Vinas’ progress in the organization seems remarkable compared with many aspiring Western militants for whom the journey to join Al Qaeda has been grueling and ended in arrest or failure.

About three weeks after arriving in Lahore on Sept. 12, 2007, Vinas had joined the Taliban chief’s group. They crossed the Afghan border, and Vinas took part in an attack on an American base, according to the summary.

Vinas then returned to the Pakistani tribal area of Mohmand. He promptly accepted when a chief proposed him as a “candidate for a suicide attack,” the summary says. Vinas went “to Peshawar to get more training.” But finally, chiefs told him that he “needed more religious training before becoming a suicide bomber.”

Vinas made his way into the Waziristan region and fell in with Al Qaeda militants from Yemen and Saudi Arabia. In March, he began paramilitary training in safe houses where he lived with trainees from Europe and militants of Turkish origin, according to the summary and investigators. He learned Arabic, Urdu and Pashtun in Pakistan.

His account highlights Al Qaeda’s penchant for bureaucracy: personnel files, applications and evaluations. Over four months, Vinas took three courses from an Arab instructor, alongside 10 to 20 students. The curriculum encompassed the use of firearms such as the AK-47 rifle; explosives theory and the assembly of bombs and suicide vests; and the use of rocket-type weapons.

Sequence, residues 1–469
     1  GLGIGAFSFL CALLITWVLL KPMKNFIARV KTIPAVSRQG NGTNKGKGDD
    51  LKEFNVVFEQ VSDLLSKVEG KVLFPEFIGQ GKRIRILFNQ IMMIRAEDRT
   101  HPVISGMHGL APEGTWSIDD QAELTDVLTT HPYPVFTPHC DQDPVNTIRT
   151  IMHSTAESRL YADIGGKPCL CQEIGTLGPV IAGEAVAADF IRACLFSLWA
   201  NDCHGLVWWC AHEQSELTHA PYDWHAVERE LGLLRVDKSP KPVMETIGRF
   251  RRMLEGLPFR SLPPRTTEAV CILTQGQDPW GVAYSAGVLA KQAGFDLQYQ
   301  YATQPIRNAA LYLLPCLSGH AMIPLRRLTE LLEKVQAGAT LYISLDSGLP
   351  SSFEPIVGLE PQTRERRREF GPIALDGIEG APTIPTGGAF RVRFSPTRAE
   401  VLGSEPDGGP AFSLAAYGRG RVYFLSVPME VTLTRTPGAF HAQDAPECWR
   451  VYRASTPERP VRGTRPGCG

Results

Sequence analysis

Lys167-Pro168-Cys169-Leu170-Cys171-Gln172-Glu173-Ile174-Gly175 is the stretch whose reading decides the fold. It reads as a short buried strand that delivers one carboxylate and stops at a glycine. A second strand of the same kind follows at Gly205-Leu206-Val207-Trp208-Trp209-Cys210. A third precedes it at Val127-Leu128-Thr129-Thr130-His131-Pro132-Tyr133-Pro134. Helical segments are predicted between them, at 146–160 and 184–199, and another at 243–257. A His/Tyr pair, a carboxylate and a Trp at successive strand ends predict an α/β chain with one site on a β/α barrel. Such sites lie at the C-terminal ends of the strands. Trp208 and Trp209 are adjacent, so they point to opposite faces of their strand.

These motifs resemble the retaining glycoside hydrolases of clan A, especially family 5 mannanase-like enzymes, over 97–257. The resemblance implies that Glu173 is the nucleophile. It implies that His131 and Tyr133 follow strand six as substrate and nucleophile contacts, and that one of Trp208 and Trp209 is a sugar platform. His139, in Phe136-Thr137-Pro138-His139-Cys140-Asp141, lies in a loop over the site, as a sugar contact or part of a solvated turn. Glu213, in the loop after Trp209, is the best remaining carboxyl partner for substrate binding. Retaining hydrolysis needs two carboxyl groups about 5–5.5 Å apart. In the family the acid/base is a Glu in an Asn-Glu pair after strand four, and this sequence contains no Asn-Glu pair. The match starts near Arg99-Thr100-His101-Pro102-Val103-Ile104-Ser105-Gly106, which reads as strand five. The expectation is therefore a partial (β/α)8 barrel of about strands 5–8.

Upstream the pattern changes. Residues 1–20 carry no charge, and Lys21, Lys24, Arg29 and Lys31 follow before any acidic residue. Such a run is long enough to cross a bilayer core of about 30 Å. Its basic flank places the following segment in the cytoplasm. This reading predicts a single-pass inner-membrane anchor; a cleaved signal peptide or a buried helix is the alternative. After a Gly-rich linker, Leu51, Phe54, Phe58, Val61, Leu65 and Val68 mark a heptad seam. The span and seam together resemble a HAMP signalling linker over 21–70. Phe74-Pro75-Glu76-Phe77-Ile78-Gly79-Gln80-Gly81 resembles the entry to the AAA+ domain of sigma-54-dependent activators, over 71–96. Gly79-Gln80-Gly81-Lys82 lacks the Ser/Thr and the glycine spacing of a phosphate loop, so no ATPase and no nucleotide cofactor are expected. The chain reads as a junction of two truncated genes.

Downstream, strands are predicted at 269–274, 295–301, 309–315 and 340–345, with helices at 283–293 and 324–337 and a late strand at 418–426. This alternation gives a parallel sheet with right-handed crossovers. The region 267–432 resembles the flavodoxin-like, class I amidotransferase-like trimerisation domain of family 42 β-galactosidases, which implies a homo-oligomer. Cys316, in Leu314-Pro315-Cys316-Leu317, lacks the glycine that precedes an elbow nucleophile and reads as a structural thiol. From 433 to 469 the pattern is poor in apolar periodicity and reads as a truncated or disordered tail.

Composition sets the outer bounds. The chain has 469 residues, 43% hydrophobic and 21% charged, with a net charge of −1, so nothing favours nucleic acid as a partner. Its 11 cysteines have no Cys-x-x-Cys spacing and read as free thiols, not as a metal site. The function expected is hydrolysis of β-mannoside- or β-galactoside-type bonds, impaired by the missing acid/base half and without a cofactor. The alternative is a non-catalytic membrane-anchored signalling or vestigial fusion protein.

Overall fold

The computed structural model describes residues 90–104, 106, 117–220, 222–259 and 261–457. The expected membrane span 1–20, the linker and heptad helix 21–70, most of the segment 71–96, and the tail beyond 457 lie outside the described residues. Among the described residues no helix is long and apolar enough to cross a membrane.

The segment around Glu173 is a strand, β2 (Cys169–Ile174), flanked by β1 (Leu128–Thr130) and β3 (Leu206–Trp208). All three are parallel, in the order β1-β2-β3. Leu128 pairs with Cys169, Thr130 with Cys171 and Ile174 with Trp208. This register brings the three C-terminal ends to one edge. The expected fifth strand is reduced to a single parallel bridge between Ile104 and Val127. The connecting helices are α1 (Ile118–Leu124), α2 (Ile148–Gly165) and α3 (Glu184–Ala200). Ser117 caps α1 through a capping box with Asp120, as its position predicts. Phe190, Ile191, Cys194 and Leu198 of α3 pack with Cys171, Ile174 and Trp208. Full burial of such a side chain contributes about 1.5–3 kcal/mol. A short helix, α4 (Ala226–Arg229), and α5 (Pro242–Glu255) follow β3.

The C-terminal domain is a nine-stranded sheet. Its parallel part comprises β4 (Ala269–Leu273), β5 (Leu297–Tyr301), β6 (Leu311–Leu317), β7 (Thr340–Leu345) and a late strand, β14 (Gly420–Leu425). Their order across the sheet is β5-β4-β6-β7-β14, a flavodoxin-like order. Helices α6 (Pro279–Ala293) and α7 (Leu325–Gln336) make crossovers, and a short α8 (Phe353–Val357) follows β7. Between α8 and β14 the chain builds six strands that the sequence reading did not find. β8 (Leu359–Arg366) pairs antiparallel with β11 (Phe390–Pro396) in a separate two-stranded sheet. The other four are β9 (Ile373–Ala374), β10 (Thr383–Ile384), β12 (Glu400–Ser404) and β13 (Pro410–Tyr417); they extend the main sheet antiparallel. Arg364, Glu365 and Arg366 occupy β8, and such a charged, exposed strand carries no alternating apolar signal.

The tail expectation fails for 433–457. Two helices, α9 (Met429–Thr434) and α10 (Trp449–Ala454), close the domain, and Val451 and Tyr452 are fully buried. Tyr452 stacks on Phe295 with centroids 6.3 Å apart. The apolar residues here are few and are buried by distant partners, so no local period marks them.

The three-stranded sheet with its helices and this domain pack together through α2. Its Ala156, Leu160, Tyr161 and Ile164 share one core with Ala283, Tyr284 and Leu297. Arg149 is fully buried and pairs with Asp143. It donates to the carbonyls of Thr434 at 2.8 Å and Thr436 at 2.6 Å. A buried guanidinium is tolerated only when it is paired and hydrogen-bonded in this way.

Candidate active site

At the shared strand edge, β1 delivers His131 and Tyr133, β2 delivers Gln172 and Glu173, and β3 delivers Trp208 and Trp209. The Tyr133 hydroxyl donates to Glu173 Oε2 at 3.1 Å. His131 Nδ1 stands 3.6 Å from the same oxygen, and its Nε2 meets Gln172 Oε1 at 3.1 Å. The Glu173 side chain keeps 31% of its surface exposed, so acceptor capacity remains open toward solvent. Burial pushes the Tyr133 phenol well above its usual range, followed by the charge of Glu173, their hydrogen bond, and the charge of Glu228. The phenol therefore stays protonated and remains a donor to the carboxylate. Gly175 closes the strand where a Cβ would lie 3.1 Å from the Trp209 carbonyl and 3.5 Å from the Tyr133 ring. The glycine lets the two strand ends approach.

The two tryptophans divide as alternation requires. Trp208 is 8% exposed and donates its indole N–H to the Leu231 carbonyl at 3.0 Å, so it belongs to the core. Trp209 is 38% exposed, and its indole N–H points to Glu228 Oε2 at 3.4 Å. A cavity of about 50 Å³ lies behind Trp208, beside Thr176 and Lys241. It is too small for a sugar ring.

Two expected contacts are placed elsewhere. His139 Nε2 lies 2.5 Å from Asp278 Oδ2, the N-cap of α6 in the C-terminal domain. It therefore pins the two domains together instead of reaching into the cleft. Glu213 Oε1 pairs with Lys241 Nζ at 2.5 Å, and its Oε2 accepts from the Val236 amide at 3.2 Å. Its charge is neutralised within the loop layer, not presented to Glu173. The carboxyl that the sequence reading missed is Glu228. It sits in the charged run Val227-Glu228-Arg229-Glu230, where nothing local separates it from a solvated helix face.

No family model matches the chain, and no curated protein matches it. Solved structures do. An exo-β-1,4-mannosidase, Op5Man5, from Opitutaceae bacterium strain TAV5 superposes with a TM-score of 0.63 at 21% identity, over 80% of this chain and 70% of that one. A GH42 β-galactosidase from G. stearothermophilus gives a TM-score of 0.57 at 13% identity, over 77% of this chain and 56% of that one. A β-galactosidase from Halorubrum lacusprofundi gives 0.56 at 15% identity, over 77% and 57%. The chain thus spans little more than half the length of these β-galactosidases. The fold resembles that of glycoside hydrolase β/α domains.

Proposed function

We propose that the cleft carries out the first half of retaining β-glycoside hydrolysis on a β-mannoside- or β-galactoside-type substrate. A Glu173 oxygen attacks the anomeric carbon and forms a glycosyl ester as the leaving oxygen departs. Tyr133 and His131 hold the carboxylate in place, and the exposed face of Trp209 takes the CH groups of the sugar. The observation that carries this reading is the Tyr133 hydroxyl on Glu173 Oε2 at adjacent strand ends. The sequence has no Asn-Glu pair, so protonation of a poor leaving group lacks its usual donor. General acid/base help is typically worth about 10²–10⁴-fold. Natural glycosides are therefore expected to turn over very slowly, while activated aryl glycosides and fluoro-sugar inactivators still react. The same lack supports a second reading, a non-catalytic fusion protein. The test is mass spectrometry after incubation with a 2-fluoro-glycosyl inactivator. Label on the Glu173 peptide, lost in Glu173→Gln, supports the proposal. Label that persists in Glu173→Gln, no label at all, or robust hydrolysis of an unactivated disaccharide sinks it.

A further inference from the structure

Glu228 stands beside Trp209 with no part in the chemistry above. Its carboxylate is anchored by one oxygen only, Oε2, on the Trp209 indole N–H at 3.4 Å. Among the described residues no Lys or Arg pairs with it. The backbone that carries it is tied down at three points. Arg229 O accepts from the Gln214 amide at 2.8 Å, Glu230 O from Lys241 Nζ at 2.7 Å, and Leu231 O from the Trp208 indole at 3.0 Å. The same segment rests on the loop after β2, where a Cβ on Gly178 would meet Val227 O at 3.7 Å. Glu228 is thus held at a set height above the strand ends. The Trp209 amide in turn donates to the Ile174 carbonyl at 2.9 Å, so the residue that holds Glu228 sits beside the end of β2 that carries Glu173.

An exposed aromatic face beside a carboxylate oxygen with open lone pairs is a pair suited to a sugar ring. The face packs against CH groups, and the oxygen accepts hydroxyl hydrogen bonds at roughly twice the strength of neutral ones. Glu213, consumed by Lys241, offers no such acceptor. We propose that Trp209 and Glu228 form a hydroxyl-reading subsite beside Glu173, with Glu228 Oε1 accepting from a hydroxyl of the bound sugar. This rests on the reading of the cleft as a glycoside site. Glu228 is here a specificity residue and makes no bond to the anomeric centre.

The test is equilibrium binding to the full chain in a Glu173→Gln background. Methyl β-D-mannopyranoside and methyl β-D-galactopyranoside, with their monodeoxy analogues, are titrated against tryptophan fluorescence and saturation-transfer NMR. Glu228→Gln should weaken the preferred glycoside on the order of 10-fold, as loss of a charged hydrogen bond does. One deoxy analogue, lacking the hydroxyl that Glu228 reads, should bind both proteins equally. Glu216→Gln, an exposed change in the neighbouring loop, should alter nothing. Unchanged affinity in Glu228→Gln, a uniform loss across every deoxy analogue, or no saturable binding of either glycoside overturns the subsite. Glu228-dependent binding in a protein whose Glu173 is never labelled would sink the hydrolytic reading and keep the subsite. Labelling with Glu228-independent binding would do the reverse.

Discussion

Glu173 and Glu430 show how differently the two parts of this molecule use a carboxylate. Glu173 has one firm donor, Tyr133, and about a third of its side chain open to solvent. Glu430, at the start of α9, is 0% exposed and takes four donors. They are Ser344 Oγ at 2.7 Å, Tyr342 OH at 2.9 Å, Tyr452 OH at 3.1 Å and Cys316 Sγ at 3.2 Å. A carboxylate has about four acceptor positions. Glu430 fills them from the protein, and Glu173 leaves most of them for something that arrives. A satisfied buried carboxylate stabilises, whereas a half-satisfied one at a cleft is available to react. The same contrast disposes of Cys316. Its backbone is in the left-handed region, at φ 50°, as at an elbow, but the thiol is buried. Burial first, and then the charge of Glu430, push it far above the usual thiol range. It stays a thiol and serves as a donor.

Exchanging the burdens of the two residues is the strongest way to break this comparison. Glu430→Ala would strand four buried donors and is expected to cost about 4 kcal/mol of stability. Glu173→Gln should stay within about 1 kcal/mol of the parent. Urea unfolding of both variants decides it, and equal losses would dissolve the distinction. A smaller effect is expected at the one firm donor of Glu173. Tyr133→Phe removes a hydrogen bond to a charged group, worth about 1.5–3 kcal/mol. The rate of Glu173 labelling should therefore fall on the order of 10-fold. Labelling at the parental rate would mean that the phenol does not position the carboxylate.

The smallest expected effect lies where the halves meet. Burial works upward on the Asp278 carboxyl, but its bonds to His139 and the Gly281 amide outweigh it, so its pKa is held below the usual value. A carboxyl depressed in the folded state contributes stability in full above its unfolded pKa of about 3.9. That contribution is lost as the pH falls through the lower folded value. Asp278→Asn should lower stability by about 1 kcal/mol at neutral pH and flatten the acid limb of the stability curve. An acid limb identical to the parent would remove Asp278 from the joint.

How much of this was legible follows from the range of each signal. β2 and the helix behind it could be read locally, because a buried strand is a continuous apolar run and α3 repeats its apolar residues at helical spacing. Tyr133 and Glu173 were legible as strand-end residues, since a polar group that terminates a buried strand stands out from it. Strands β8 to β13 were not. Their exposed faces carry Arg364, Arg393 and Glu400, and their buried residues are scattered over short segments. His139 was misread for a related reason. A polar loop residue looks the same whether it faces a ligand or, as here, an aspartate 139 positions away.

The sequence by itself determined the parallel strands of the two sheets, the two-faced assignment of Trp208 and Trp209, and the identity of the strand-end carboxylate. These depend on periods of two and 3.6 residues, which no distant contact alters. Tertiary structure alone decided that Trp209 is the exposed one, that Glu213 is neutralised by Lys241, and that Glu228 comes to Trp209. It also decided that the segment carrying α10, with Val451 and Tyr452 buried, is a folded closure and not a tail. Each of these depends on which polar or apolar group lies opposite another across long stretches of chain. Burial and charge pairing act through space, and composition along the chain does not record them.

Like other trainees, Vinas adopted an alias for security, calling himself Ibrahim. He grew close to several fighters, including a Turk who died in a car bombing of a U.S. base in Afghanistan.

Another friend was a Frenchman of Moroccan descent from a wealthy family near Evian, identified by anti-terrorism officials as Hamza el Alami. Alami told Vinas that he had spent a few days in a special course for international operations intended to recruit cells and teach them techniques for attacks outside South Asia.

Vinas also befriended a Belgian who had taken courses in kidnapping and assassination, according to the summary and investigators. The Belgian talked about attacking the subway in Brussels -- “an easy and little-guarded target” -- and European soccer stadiums.

The conversations had personal moments too: The Belgian, a father of three, confided that his wife had pushed him into jihad. An agitated Alami told Vinas that he worried that Al Qaeda would let him “rot in prison in Europe” if he got caught, according to the summary.

After getting approval from Al Qaeda’s military chief in South Asia, Vinas returned to combat in the Afghan border area in September, firing rockets across the Afghan border on an American base. After weeks of fighting, he returned to the border city of Peshawar.

Vinas had been there 10 months earlier, to have a doctor amputate the little toe of his right foot as the result of an unspecified ailment, according to the summary. This time he had another goal: He told investigators he intended to “find himself a wife.”

But Pakistani troops, guided by U.S. agents who had been tracking Vinas, arrested him. The secret odyssey of Bryant Neal Vinas was over.